There’s a lurid fascination that comes with watching the UK’s Brexit debate from the US. At one level, it seems not unlike a marriage in its death throes. You know both husband and wife and feel terribly about it all, but cannot avert your eyes. The only winner? Neil Sedaka. Breaking up, as we’re told, is hard to do.
But the UK and Europe are not married. It’s more like co-habitation with separate bank accounts and with the dilemma at the heart of every marriage left unresolved. Toilet seats up or down? Brussels is working feverishly on a solution.
Yet, quite naggingly, the whole scene seems familiar, especially to a 21st-century law partner. The EU is a Swiss verein, and the UK partners are debating whether to stay or go.
Now I understand. A shared brand but separate profit pools. Attempts at integration thwarted at internal profit borders. Fractured governance. No unity of vision. Ask a verein its favourite colour and it will respond “plaid”.
Beyond taking a gratuitous shot at Swiss vereins, there is another aspect to this referendum that fascinates me: your Prime Minister. This is a man who knows how to roll the dice. After a close call on Scottish secession, where many believe that his side was improbably saved by Gordon Brown’s passionate appeal to the electorate, I thought he would never again put issues of sovereignty out to popular vote. I was so wrong. The man has the nerve of a riverboat gambler.
I take the point that riverboat gamblers are not everyone’s cup of tea. One person’s steely resolve is another person’s reckless abandon. Yet in a world that seems to have lost its way, your Prime Minister has shown that he’s willing to trust the British people. Not bad at all, with history at once his guide and judge.
Separated by a generation, Mr Cameron and I attended the same Oxford college and had the same politics tutor until I switched into a graduate law curriculum. Sandwiched between us at Brasenose College was current Australian Prime Minister Malcom Turnbull. Although I was just another annoying American, I’d say that Brasenose in that era held up its end by supplying those two guys to a world in need of leaders.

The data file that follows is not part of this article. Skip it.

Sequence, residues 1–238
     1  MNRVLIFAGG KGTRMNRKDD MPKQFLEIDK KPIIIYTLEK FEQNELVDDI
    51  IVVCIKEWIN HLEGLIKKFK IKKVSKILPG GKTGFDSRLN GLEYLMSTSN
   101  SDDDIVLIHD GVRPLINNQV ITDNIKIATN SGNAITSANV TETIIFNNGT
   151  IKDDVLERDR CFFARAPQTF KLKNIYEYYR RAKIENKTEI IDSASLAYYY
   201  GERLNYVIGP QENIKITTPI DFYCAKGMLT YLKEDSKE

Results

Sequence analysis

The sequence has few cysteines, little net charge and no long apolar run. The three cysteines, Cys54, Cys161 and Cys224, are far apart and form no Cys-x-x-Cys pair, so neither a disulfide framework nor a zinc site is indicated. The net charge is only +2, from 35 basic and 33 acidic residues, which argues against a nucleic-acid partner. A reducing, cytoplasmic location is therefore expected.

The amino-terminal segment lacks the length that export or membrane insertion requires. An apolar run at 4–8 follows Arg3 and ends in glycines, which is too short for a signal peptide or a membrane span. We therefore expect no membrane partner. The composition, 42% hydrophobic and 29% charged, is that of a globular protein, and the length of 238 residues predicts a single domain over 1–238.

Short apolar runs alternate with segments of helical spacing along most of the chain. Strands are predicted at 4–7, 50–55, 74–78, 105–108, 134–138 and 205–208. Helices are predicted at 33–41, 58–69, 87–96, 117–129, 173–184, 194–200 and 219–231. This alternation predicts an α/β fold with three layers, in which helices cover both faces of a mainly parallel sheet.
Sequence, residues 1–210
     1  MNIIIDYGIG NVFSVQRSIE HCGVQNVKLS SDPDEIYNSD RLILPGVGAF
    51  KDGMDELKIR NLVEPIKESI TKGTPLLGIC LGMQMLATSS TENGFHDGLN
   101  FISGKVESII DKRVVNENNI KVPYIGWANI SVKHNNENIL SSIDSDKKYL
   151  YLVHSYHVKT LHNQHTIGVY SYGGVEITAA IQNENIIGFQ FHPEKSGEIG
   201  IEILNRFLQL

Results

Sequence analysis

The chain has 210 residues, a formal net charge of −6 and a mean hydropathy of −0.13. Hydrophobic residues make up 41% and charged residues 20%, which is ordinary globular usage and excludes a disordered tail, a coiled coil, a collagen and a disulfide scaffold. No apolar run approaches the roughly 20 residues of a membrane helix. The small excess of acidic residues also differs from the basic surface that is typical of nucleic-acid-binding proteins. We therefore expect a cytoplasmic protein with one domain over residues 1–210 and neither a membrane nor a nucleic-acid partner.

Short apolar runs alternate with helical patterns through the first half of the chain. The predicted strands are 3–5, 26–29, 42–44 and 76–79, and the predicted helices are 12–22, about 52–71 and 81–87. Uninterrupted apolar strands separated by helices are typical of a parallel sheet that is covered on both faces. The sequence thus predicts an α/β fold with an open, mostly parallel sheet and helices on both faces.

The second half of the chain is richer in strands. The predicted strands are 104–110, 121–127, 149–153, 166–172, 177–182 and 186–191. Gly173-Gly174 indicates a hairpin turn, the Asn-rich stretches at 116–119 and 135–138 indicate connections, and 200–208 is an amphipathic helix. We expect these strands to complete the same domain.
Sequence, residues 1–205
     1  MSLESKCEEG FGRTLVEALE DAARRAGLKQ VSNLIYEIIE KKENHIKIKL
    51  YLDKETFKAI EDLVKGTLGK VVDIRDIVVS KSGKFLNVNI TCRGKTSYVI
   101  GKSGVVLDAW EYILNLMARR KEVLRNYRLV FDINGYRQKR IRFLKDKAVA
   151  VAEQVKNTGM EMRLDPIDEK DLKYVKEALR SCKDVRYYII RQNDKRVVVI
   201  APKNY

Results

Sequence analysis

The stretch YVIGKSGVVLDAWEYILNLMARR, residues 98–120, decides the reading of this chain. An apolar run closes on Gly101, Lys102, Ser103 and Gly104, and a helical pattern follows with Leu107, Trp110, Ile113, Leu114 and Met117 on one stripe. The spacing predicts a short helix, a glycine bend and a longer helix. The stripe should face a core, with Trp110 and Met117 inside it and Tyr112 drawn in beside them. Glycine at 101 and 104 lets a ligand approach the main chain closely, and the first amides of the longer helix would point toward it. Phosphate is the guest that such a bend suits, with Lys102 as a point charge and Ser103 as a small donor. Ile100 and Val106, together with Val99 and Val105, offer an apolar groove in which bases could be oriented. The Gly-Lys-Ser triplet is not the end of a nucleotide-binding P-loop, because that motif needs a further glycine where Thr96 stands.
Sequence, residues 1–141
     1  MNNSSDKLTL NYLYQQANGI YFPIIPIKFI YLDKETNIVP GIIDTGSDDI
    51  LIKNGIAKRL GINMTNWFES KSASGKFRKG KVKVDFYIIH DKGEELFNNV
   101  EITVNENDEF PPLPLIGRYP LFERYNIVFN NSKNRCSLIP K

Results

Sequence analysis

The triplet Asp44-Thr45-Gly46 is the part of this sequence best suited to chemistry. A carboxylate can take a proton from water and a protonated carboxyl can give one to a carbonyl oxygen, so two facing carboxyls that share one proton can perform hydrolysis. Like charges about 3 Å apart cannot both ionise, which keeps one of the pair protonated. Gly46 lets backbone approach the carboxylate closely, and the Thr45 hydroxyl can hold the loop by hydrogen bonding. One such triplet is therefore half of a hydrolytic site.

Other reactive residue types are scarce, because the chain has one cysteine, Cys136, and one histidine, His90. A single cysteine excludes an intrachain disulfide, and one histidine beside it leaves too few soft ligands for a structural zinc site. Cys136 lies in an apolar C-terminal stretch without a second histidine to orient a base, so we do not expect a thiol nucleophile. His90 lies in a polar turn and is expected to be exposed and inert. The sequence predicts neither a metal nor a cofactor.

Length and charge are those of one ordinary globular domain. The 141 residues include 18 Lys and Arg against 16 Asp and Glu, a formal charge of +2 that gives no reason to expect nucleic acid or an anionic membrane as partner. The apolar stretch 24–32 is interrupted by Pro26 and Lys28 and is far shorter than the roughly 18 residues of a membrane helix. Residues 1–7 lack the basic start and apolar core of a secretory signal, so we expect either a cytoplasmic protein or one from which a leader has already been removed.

The tutor, Vernon Bogdanor, has said that David Cameron was one of the ablest students he has ever encountered. He has never levelled that charge at me. Malcolm Turnbull did a graduate degree in law and likely took no tutorials from Vernon or he might well have earned the same encomium. I wonder what was in the water at Brasenose that saw it within a few years produce future prime ministers of two great countries.
Words of wisdom
So, you are left with your 23 June referendum – and so are we. In today’s world, the ripples of a Brexit will be felt not only in Europe but also around the globe. I sense this will not be a good thing, as modern life is rife with centrifugal forces and seemingly barren of centripetal equilibriants.
If Brexit prevails, our profession will again prove its true mettle. It will be lawyers who illuminate the new pathways of opportunity and the roadblocks ahead – imaginative, tough-minded, client-focused lawyers using language, judgement, ideas and persuasion as their weapons.
The intellectual capital in the City of London is breathtaking in its diversity, depth and power. A Brexit will test it as it has rarely before been tested. Recall an earlier European test captured memorably by Auden in 1939:
In the nightmare of the dark
All the dogs of Europe bark,
And the living nations wait,
Each sequestered in its hate.
Intellectual disgrace stares
From every human face,
And the seas of pity lie
Locked and frozen in each eye.
Aren’t we in a better place now ballots have supplanted bullets as the weapons of choice and that the rule of law – with its missionaries, the legal profession on both sides of the Channel – will prevail in the end no matter the geopolitical form?
Every time I worry that Richard Susskind might be right that automation will wreak “havoc” on law firms, my fears fade into the mist of yet another 21st-century challenge that our profession is uniquely positioned to handle for our very human clients and the enterprises within which they are housed.
Peter Kalis is chairman and global managing partner of K&L Gates